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Mound Builders Paperback – May 1, 1986
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Top Customer Reviews
At the museum there I discovered Silverberg's book and immediately bought it with the hope of learning about the mounds. I am happy to report that this book is not only highly readable, engaging and revealing but also that it covers the topic more thoroughly than I expected. The author takes us through time both ancient and modern giving an account of the speculations and research that in many cases led people on wild flights of fancy but have ultimately given us a good idea of why the mounds were built, who built them and when. I found out about the different traditions, periods and cultures of the Indians involved with the mounds, such as the Adena and Hopewell people. I learned of the different kinds of mounds and what they did or did not contain, of frauds that distracted investigators and greed that led to pillaging. Thomas Jefferson, Joseph Smith and John Wesley Powell are just a few of the people who were captivated by the mounds and you'll find out why. After the cultural depredations of de Soto through the careless physical destruction of the past 150 years, I'm grateful that anything remains to be seen today. Maps present sites that can be visited. When I finished the book I felt great appreciation for Silverberg's work that so fully satisfied my curiosity while providing such a pleasant read. He not only answered my questions but provided many answers to others I had not even considered.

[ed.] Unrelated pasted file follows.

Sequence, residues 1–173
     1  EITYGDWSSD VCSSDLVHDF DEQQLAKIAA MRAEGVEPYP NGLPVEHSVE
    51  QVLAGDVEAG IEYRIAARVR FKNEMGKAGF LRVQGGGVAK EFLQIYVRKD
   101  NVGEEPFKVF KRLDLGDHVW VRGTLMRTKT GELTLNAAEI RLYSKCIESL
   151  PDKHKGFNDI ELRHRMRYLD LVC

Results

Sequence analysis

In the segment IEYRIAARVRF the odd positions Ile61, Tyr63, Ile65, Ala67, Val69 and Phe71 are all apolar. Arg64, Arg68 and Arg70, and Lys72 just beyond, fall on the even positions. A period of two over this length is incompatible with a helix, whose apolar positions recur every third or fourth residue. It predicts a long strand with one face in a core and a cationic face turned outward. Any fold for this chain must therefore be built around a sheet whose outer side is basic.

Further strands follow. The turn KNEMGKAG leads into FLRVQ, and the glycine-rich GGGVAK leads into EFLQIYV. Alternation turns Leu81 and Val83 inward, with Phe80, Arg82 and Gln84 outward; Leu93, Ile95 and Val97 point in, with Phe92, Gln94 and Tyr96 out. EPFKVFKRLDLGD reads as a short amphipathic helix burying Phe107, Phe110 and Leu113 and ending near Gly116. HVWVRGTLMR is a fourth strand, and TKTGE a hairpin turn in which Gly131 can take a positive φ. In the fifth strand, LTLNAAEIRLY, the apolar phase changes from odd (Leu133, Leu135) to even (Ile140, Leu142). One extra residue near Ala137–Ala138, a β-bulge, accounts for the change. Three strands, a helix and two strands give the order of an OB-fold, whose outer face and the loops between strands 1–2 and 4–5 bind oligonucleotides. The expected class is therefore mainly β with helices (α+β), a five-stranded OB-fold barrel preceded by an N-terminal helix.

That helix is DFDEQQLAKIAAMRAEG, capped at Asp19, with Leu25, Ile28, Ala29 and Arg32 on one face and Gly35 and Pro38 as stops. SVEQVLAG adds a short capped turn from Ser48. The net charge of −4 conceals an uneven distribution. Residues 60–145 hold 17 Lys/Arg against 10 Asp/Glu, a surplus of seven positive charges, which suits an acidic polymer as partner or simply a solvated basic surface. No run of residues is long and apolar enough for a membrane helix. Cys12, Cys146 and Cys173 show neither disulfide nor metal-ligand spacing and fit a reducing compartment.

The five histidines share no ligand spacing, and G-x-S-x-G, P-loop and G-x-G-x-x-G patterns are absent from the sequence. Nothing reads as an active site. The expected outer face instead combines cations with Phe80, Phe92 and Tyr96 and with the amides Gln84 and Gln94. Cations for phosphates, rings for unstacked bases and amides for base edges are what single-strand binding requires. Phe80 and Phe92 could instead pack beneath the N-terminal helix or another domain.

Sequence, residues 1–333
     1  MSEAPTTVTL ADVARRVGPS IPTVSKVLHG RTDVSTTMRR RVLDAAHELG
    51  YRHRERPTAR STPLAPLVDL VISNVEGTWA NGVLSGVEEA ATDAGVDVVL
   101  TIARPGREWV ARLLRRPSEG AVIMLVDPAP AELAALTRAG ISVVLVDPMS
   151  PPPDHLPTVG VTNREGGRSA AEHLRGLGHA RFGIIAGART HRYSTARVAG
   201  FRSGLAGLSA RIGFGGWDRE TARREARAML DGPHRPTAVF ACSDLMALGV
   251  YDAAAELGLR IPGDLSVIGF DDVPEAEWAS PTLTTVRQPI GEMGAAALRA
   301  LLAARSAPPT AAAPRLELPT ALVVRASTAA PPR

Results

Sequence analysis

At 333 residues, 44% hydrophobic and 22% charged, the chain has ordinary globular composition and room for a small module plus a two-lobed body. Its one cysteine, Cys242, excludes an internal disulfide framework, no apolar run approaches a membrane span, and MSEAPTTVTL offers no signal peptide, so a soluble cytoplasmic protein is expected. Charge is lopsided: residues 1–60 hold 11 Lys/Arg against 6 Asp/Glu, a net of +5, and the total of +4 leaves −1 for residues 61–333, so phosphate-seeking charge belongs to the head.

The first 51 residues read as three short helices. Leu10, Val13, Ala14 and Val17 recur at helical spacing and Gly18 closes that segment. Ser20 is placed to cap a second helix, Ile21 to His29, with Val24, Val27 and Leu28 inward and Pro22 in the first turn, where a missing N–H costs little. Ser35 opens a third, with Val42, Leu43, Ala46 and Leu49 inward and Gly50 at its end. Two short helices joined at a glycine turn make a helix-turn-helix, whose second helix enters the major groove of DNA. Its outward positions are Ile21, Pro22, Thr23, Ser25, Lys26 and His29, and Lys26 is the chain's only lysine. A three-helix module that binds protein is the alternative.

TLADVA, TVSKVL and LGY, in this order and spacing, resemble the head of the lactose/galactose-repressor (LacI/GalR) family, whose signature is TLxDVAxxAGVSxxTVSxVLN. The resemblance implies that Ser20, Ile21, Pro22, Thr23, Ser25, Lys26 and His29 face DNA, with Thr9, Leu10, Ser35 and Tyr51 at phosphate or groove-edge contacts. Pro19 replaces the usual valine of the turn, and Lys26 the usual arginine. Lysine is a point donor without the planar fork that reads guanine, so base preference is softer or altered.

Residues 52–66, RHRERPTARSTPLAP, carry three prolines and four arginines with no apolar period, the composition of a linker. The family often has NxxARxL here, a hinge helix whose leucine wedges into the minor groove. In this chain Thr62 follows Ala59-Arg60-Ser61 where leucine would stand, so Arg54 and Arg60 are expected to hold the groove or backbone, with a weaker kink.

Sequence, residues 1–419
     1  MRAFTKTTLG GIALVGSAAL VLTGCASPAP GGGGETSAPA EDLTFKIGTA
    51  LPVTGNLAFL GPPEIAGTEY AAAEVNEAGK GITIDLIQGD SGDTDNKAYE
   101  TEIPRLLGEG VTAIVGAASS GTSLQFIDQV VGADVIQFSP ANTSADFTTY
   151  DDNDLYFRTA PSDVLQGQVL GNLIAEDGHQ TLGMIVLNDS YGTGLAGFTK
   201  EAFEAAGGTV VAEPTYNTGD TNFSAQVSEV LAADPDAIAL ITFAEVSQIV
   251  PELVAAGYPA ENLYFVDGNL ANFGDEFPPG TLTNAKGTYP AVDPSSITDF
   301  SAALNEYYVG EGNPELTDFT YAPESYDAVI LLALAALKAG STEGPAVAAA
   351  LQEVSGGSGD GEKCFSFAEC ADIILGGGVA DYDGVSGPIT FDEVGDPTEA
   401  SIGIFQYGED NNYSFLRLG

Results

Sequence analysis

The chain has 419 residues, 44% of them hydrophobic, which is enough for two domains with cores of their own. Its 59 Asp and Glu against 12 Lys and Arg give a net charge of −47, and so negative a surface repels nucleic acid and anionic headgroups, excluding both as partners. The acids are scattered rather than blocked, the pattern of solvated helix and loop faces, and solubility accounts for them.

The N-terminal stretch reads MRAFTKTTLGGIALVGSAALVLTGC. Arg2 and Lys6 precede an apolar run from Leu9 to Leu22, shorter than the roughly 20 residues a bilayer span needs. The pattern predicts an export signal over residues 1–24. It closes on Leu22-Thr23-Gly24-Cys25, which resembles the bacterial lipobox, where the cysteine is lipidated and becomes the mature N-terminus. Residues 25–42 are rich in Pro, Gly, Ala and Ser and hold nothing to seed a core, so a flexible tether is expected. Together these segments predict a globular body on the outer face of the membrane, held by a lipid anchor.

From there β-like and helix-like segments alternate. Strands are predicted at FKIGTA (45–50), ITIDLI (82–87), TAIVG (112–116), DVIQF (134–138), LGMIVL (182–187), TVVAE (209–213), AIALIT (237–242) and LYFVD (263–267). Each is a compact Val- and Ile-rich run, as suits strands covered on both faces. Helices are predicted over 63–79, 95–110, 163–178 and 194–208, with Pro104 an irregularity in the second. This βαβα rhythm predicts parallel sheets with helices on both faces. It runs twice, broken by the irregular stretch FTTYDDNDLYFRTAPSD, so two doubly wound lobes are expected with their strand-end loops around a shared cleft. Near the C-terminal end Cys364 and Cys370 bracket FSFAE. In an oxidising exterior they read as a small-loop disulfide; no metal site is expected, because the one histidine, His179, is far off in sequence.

Europeans had known about the mounds since the expeditions of De Soto in the early 1500s and mound building continued in some parts of North America until the early 1700s. However, beginning in the late 18th and continuing through most of the 19th century many Americans came to believe the myth of the mound builders.